R&D spending for semiconductors rose 7% in 2012 despite slight decline in worldwide market1
That accounted for about 16.7% of total semiconductor sales which slipped 1% to $317.6 billion worldwide. The R&D spending share is overall down from a peak of 17.5% that was seen back in 2008 and 2009. The trend for R&D spending has been going up which is consistent with increasing costs tied to Moore’s Law to materials costs and other market factors.
The spending was not uniform across the sector however. Samsung Semiconductor’s R&D to sales ratio is about 8% and has been for the past few years. Samsung has been more capital intensive overall with its spending though, adding increased fabrication capacity and spending a lot of money on flash memory.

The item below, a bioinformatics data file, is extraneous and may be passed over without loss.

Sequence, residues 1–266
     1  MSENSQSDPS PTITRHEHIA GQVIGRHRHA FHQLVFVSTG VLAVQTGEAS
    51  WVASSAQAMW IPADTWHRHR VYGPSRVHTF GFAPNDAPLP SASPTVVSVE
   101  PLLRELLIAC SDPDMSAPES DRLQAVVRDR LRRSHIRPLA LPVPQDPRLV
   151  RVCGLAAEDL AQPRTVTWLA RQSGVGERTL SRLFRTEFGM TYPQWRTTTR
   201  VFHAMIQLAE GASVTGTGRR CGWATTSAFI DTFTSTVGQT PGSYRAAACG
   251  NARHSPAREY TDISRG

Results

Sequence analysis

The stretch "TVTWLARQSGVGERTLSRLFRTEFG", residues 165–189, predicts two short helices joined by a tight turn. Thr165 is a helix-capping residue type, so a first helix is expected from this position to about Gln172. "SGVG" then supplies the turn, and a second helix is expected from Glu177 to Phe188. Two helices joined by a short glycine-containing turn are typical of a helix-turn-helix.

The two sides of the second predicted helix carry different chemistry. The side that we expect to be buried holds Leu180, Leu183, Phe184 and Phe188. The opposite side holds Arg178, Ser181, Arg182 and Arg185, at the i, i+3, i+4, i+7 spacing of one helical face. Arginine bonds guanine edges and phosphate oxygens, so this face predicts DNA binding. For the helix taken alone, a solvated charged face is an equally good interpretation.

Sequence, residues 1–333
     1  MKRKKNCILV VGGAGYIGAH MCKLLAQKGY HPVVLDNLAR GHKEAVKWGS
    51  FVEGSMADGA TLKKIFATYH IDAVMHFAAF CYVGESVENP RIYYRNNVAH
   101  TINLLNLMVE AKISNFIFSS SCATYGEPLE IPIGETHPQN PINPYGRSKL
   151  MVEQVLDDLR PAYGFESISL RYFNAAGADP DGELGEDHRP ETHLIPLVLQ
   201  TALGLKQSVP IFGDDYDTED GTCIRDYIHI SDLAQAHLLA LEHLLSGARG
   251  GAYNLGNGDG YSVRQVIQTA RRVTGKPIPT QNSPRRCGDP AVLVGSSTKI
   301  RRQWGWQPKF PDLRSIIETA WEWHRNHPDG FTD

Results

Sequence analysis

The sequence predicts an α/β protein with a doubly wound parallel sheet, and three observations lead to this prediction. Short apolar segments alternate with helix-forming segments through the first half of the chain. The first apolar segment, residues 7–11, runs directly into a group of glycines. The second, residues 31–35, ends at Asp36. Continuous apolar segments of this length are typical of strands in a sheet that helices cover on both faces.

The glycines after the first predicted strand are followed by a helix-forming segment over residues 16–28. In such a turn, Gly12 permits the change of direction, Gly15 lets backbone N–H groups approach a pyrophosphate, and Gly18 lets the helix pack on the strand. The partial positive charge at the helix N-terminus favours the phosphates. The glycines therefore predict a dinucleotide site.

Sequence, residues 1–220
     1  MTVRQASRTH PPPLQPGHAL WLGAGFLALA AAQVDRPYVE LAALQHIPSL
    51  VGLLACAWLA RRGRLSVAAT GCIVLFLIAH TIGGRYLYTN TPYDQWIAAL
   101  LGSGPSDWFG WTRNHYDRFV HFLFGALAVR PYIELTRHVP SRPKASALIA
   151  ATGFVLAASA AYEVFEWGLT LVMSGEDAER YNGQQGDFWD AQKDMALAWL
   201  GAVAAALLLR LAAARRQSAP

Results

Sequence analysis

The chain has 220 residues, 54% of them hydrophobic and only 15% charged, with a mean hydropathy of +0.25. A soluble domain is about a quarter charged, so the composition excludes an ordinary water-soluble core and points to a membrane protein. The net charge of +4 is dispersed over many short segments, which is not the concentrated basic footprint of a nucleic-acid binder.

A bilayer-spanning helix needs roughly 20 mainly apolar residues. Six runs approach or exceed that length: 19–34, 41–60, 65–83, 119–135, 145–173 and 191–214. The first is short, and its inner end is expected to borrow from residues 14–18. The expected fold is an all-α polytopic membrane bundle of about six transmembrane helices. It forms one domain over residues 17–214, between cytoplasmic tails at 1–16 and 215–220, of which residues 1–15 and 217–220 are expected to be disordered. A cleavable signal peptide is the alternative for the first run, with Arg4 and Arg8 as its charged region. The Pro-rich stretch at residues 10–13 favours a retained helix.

Intel spends the most money on R&D, over $10 billion in 2012 which is seven-times the amount of money that second-place Qualcomm spent last year and accounted for better than a third of what the top-ten companies spent on R&D last year totaling $28.7 billion. The numbers are not so steep for fabless chip designers that rely on fabricating giants like TSMC.
TSMC has seen its R&D to sales ratio grow at a rate of about 19% each year, though IC Insights did not report the ratio for 2012. TSMC has also been playing a larger role in working with its fabless clientele in developing integrated circuit designs to help them become a reality which obviously contributes to its consistent R&D spending growth.
From what we can see making it into the hardware of our handsets, tablets and ultrabooks, it is money well spent. Moreover, we know the competition is going to be getting quite fierce.